Tort law already recognizes this subjective reality. If a third party’s tortious conduct causes stillbirth, for instance, the woman is not guaranteed damages on the assumption that her fetus had an objective value. Rather, she must prove that she subjectively lost something — a relationship — when her baby died. This understanding of subjective, relational fetal value, which reflects women’s lived experiences, is fundamentally inconsistent with the antiabortion notion of legal personhood, a notion that is fixed and biological. Under that view, every pregnancy has maximum value starting at conception.
As the abortion war intensifies in the coming years, the antiabortion movement will certainly push for fetal personhood as a mechanism to end all abortion. But an abortion rights movement that can acknowledge a pregnancy’s possible subjective value will be better prepared for the fight ahead. Many legal scholars are preparing for a future where Roe v. Wade is gutted or overturned. In that likely scenario, roughly half of states will dramatically limit or ban abortion. History tells us that women will not stop needing or obtaining abortions; rather, they will be forced to travel to another state, if financially possible, or self-manage their abortion illegally at home, most likely by buying abortion medication online. Self-managed medication abortion is safe and effective in most situations, but incomplete abortions will happen in at least five percent of cases. These women will need to seek care at hospitals, and to avoid punishment for their abortion, they will likely feign pregnancy loss. As of today, there is no way to tell the difference between self-induction and miscarriage.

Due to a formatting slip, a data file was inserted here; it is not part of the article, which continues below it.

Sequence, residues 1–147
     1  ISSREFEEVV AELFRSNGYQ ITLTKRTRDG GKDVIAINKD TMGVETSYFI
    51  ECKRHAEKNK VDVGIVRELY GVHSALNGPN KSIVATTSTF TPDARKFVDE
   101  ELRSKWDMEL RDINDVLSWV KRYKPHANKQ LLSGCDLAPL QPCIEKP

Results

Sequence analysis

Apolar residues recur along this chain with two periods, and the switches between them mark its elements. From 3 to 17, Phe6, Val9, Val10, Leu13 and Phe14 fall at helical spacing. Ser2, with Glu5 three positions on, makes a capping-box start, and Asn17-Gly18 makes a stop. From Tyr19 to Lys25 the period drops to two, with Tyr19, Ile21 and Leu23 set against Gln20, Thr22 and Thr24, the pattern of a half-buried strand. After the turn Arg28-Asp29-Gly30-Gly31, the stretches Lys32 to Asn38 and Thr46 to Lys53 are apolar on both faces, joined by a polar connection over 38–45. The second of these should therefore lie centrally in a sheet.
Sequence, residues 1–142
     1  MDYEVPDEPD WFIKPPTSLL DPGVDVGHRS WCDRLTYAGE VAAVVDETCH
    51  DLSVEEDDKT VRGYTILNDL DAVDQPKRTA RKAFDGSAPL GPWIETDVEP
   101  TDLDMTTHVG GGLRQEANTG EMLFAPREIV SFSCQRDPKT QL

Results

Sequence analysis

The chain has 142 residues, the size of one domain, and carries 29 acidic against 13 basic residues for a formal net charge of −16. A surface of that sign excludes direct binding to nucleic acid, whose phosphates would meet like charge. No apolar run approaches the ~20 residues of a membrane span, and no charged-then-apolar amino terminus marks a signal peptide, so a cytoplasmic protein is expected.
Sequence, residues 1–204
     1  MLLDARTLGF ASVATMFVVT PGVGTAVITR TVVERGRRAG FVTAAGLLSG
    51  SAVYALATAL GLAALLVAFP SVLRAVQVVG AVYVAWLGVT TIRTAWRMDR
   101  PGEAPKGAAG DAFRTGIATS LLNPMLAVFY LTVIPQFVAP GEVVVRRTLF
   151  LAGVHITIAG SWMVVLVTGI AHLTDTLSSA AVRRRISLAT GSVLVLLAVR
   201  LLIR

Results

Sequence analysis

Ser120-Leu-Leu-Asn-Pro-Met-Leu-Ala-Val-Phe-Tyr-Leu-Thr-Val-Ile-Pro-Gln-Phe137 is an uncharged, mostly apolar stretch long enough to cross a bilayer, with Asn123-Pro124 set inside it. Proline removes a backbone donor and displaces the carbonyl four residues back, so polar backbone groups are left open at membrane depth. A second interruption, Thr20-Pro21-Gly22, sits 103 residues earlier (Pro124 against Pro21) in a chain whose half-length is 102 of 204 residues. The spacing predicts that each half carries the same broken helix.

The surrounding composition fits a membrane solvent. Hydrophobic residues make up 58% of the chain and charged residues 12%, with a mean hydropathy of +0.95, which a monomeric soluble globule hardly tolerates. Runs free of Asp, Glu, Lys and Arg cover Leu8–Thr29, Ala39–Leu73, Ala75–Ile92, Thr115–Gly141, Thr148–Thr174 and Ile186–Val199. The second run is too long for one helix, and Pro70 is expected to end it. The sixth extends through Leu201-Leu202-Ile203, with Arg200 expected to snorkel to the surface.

We know the likely outcome of this new reality: pregnancy loss will immediately become suspect for certain groups of women — poor women, women of color, and women who fail to manifest the “appropriate” grief response. In some states, this criminalization of pregnancy has already started.
Thus, in a post-Roe future, the pregnancy loss and abortion rights communities will need to come together to protect pregnant people. But there are already areas of overlap where these two groups can support one another: overly burdensome regulations on medication abortion are harming miscarriage management; bans on second-trimester abortion procedures are making it more difficult to treat late miscarriage and early stillbirth; and overly restrictive views on fetal viability delay treatment for both miscarriage and stillbirth. Antiabortion laws don’t exist in a vacuum — they harm other aspects of pregnancy.
The abortion rights and pregnancy loss communities can also work together to normalize and destigmatize all pregnancy outcomes. All women are harmed by the pervading single-path narrative that all pregnancies end in a healthy birth. The abortion debates have perpetuated this narrative. Abortion rights messaging assumes the burden of unwanted parenthood if abortion isn’t allowed, and antiabortion activists suggest that all terminated pregnancies end the life of a would-be child. Both these narratives erase the reality that almost a quarter of pregnancies end in neither abortion nor live childbirth, but loss.
Future messaging should focus on abortion as one way a pregnancy can end, alongside pregnancy loss and healthy birth. All are normal parts of a person’s reproductive life — these events may be traumatic, joyous, or something in between, but they are all normal. And supporting women through them all should be the goal of a holistic reproductive justice movement.